My current church has a long history of having a Children’s Chapel service during the main Holy Eucharist on Sunday mornings. It was an established practice and many of the families there came to expect it. It was done away with last year and replaced with an experimental third service of the Holy Eucharist that had an intergenerational bent. Many beautiful relationships and customs were formed during this year, but it became clear that both parents and children were deeply missing Children’s Chapel, so this year we have reinstituted Children’s Chapel.
I’ve been part of congregations that have used a Children’s Chapel model before so it wasn’t completely foreign to me, but I still had some trouble creating a new Order of Service for it.
Since Children’s Chapel begins at the beginning of the service of the Holy Eucharist and the children do not rejoin the parents until the Peace, I wanted to follow the form of the Service of the Word as closely as possible, while still adapting to the audience of Pre-K through 5th grade.
One particular issue I ran into was the Prayers of the People. Long, written prayers are difficult for young children to connect with, and if I have an adult volunteer reading the Prayers (from here on, POP) each week, the youngest children will interpret this as a precedent that the adults are somehow “better” at praying.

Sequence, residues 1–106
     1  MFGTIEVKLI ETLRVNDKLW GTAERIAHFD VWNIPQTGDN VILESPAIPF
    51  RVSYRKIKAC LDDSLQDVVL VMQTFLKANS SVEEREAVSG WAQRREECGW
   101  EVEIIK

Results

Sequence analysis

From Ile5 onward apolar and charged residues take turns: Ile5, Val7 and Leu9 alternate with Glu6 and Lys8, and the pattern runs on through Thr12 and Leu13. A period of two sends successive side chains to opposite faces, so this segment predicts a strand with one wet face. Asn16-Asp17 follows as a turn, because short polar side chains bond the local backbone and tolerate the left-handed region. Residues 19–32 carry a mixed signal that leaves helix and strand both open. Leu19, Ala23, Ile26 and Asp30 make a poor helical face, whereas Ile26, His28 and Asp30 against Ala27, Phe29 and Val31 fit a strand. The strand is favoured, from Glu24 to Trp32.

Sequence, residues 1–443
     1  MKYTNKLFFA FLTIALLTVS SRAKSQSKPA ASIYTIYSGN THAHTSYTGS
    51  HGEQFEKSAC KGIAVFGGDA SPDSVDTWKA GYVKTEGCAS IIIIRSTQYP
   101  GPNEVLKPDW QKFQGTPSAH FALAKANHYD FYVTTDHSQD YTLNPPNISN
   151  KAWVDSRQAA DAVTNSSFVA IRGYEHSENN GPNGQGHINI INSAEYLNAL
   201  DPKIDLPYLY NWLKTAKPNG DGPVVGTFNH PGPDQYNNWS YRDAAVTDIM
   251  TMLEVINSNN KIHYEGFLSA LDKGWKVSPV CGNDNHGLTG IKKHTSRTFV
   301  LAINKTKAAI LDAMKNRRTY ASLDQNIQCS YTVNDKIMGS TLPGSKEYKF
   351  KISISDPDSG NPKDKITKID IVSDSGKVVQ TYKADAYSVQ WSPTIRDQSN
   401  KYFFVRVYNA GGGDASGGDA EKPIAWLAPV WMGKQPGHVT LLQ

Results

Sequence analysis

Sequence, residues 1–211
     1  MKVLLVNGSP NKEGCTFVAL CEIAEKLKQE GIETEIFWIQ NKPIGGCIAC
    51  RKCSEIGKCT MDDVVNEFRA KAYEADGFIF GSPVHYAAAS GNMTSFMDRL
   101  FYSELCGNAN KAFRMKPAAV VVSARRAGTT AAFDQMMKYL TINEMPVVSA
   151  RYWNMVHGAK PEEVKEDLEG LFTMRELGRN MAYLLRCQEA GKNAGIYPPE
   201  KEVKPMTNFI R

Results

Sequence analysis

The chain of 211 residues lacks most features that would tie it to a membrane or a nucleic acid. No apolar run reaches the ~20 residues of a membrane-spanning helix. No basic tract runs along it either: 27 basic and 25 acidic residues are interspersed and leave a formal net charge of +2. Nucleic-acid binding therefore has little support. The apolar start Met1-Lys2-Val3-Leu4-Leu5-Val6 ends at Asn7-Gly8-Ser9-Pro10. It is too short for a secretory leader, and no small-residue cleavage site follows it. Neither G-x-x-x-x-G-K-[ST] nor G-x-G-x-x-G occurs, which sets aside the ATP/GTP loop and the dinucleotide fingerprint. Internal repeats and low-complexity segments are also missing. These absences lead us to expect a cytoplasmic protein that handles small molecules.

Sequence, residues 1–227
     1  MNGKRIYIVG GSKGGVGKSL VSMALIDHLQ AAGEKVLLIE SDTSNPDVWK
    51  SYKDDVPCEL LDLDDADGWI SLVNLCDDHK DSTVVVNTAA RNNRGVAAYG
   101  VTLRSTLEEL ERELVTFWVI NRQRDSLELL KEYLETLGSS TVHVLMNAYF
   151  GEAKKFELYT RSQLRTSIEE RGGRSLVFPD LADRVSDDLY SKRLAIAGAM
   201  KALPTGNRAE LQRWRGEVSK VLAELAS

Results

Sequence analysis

What to do? How do we get younger children to connect to the people and things we pray for each week as a body without just praying for them and hoping they are able to join their prayers to mine?
I was given the idea to use representational props by my associate rector. I loved the idea, but I was having difficulty coming up with props for more abstract prayers. Instead, I decided to use flat images, and found these wonderful photo cube frames on Amazon.
I then created templates on canva.com to create the images for each side of the cubes.
This way as changes to our government, clergy, and liturgical seasons happen, I am able to adjust to make sure the images are appropriate and colorful to match the season. Featured above, you will see one side of the “Church” POP! cube for Ordinary Time that features the Presiding Bishop, and one side of the “World” POP! cube for Lent.
The kids have decided these are “very cool” and instead of me praying first, I pass the cube around and each child prays for the items that the POP! cube is related to, and I finish up by praying last and adding anything I think is necessary. By having six different images, the kids are given a lot more to work with, so even the most nervous quiet child can at the very least pray for the clergy by name.